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Bill Slider and his team have a conundrum of a case. A personal trainer was found murdered by a dumped girlfriend covered in blood. Did she do it? Or is she innocent? If not her, then who? The case leads them on a round-robin chase of physical fitness centers, personal relationships, and family before honing in on one suspect. But is she being set up? Atherton and the lot have plenty of fodder for quips and quotes. A nice wrap-up to the case and Bill has a new addition to his family!

Thanks Netgalley for the opportunity to read this title.
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Cynthia Harrod-Eagles is an author with a wonderful sense of humour. It permeates almost every page of her novel, from her amusing chapter headings (so rare to see these days) to the relaxed banter between her investigators. Reading one of her novels is always an uplifting experience however dark the subject matter. And it is always reassuring when an author is as obviously well read as Cynthia is.
There's a complex web of human relationships in this story of an handsome, murdered fitness trainer. Amongst all the chaos of a murder enquiry the author's evocative writing creates a welcome sense of calm.
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hank you to NetGalley and Severn House Publishing for an e-galley of this novel.

Once again I settled down for an entertaining interlude with one of my favorite groups of British cops. The Bill Slider novels by Cynthia Harrod-Eagles are police procedurals that take the reader along as a murder investigation is worked by a team I enjoy coming back to. This crime takes us into the world of the private fitness trainers who focus on the wealthy clients who are willing to pay top dollar for results. It's all a matter of figuring out what results each client wanted to accomplish. Because this novel is an example of how this team begins with practically no information and develops the case until they can solve it, readers are invited to follow along through all the normal starts and stops of an investigation into murder. Sometimes watching an investigation unfold in this way can mean slow portions of the book where nothing much seems to be happening. However, this author is very good at sensing just how far she can go without any clues or results before readers get antsy.

The team of investigators have been working together for quite a while now and that helps round them off regarding their interchanges with one another. Individual thinking is encouraged, Slider doesn't resent having someone on the team find a pivotal clue just as long as they all work together. Deputy Superintendent Porson is back making comments you might just slip over if you aren't paying attention. There is quite a bit of family interaction in this series, something I don't normally enjoy much but I'm okay with it here because it's kept to essential interruptions to the investigation to supply background for how individuals are responding to their job.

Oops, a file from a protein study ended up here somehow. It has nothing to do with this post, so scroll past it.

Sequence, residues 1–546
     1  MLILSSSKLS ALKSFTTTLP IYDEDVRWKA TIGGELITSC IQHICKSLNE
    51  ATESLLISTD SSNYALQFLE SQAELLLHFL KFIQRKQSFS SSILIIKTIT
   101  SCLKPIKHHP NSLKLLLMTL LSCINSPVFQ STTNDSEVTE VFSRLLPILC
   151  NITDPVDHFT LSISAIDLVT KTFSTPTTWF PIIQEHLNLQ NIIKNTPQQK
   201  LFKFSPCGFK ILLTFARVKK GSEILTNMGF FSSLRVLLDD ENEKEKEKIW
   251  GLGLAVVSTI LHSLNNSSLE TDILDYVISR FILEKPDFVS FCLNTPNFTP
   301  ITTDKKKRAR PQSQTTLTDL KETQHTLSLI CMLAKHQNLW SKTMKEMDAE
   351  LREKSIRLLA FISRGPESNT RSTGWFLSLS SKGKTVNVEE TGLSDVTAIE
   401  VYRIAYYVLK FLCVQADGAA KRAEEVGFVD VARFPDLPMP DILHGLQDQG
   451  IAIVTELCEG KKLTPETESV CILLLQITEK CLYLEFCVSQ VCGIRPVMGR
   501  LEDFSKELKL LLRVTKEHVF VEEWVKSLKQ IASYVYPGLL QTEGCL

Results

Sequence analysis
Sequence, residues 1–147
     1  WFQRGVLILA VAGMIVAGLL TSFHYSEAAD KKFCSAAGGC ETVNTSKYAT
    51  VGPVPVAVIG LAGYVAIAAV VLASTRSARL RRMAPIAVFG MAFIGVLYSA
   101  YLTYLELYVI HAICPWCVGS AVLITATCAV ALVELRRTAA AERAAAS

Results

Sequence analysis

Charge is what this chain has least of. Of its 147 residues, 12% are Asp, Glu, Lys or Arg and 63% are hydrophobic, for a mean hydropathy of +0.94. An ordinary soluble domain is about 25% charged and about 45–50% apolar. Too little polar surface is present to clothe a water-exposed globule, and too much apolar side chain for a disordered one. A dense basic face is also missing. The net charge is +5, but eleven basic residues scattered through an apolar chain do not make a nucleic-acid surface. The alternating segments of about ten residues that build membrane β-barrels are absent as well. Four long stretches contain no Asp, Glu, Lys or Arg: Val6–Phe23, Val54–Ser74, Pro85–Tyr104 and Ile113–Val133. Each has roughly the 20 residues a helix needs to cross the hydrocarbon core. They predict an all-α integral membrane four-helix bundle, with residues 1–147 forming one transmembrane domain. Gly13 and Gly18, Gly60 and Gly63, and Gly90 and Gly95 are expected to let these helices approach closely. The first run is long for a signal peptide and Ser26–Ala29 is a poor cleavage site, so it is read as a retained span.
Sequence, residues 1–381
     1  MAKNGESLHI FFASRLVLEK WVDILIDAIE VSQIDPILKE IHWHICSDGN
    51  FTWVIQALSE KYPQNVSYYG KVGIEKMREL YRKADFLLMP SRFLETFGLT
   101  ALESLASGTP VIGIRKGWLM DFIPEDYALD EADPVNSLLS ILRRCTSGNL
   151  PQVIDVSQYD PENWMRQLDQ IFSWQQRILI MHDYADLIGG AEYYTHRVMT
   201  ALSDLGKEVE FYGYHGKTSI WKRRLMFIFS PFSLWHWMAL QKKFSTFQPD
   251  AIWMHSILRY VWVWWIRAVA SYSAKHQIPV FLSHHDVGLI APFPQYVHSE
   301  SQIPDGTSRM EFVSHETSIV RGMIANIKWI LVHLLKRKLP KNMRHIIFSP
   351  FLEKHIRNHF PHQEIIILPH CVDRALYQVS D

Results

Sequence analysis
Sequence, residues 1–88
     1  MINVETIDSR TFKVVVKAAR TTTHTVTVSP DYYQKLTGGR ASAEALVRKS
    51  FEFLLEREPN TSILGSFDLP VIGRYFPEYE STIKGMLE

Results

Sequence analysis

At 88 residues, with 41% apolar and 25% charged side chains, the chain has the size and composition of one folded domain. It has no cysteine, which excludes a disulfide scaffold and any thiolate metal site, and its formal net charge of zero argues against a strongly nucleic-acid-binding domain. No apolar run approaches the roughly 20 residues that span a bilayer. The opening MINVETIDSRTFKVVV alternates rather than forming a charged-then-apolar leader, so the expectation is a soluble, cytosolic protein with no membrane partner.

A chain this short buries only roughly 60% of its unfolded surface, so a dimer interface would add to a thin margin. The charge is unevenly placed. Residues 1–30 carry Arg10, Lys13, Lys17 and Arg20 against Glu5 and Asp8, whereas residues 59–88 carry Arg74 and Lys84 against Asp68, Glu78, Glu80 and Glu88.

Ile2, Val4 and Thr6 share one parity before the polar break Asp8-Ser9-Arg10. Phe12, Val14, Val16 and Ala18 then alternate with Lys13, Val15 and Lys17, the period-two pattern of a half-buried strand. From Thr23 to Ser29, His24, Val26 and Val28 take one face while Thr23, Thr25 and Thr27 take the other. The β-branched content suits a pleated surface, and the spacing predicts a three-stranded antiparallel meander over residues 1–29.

This was another good read for me in the Bill Slider series. It's always nice to come away from a book feeling like you've thoroughly enjoyed yourself.
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DCI Slider Tackles a Particularly Complex Case

The novel opens with DCI Slider and Atherton arriving at the crime scene. The victim was found in his bedroom that had a large mirror covering the window and much physical training equipment. He turned out to be a personal trainer who had his head bashed in with one of his barbells. Upon search of his apartment, police found 13,000 pounds in a shoebox in the wardrobe and 700 more in an envelope under the pillow. The main story line proceeds from here.

The main storyline starts like any other police procedural. Things change when the facts and circumstances start to be determined. For me it seems like they were trying to put together a jigsaw puzzle made up with a handful of pieces from several different puzzles. Facts started to fit together, but then they didn’t. They seem to start creating another puzzle. To me, it just didn’t seem like the normal twists and turns that I am used to reading. It kept my interest throughout the novel. This is my major requirement for a high star rating.